Poisonous Tropical Plants

Poisonous plants are laced with alkaloids or chemicals that cause anything from mild irritation of the skin to the fatal breakdown of the body. Poison can be introduced through contact, or by ingestion of poisonous plant tissue. While most contact is non-lethal, it still can be dangerous causing blindness in extreme cases. Ingestion can cause an upset stomach, or in rare cases, death. It is important to know how to identify, and to avoid contact with poisonous plants.

Castor Bean

Castor bean is a tall woody plant that is an annual in the south and a perennial in the tropics and sub tropics of the United States. The Phytotoxin ricin is the cause of this plant's toxicity. The poison accumulates in the star-shaped leaves. The castor bean fruits also contain high concentrations of Phytotoxin ricin. The fruit is a-three lobed capsule that encloses three castor bean seeds and shiny grayish brown in color. The 1-inch fruit has a soft spiny exterior. Ingestion of the fruit and seeds is the common cause of poisoning, and can cause bloody diarrhea and abdominal pains.

Oleander

Oleander is a small tree that can grows up to 30 feet high. Its straight and leathery dark green leaves are easily distinguishable. Oleander flowers are mostly white, though red and yellow are also found. Glycosides oleandroside and Nerioside are the toxins in oleander, and are found in all parts of the plant. Cases of human poisoning have occured from eating food cooked on firewood from these tropical plants. The effects of poisoning include severe gastrointestinal problems and an elevated heart rate. They show up within a few hours and are non-lethal in most cases, but when complications such as advanced age or heart disease are involved, ingestion can be fatal.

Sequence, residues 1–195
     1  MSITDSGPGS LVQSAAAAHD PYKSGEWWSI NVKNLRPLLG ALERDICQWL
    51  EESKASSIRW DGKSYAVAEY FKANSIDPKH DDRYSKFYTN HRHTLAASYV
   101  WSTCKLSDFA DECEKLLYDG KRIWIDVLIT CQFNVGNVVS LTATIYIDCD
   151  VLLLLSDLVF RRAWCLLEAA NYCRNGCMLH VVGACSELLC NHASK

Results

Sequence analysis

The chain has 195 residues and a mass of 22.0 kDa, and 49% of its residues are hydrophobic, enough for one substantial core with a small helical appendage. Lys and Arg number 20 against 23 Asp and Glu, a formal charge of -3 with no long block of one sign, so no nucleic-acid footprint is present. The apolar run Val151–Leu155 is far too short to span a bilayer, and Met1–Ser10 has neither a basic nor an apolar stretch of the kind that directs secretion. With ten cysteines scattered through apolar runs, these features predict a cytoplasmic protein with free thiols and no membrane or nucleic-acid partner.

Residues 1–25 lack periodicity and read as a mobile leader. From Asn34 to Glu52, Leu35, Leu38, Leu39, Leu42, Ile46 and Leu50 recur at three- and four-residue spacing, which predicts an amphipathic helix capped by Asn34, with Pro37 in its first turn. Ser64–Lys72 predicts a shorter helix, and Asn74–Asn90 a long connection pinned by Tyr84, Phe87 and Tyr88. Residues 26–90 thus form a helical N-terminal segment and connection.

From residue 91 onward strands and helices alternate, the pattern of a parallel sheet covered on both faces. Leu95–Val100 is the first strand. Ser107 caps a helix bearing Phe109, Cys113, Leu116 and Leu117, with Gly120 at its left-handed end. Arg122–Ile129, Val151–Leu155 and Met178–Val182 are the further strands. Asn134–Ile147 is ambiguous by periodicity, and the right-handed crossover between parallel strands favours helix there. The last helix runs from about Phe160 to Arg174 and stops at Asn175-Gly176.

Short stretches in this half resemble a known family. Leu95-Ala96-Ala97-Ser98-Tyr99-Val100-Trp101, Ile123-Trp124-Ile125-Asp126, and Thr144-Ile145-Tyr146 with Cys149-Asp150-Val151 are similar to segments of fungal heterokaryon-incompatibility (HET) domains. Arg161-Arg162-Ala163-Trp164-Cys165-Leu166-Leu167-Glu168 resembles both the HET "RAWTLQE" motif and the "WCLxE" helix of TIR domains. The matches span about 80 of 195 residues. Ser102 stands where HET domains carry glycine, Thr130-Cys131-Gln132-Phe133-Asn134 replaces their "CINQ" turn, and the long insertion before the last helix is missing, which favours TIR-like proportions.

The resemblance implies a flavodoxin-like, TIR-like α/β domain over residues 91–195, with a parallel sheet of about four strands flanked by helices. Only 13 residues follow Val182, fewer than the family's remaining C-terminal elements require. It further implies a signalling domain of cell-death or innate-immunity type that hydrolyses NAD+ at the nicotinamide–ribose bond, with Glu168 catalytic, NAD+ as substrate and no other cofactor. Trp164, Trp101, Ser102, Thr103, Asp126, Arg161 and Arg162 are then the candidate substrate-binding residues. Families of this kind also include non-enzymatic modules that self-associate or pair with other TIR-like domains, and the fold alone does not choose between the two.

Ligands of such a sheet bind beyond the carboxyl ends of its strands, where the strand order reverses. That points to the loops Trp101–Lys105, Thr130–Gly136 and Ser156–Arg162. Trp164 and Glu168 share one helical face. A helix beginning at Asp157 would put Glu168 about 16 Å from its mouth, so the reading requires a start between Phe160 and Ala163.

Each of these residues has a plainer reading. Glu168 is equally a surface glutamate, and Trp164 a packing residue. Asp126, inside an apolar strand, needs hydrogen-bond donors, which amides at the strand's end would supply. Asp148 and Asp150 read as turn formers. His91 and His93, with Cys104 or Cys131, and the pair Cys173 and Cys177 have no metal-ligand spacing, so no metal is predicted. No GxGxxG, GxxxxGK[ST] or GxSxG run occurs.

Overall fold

Lantana

Lantanas are shrubs or bushes that are often mistaken for weeds. Lantanin, a type of triterpenoid toxin, is present in all parts of this shrub. The plant bears scarlet flowers that are initially white or pale yellow, and greenish blue or black berries that are poisonous. Contact with the bush and its flowers can produce itching and irritation of the skin, and pollen from the flowers can damage the eyes. Abdominal pain is experienced upon ingestion. In animals, ingestion causes bloody diarrhea, and death can occur within three to four days if left untreated.

Keywords: tropical poisonous plants, poisonous plants tropical, poisonous plants

About this Author

Based in Northern California, Devin Dupre-Neary has a bachelor's degree in nursing from UC Davis. Rather than move towards a master's or work in a hospital, he chose a different route. In 2009, he wrote professionally, part-time, writing articles on a host of subjects from health issues to gardening.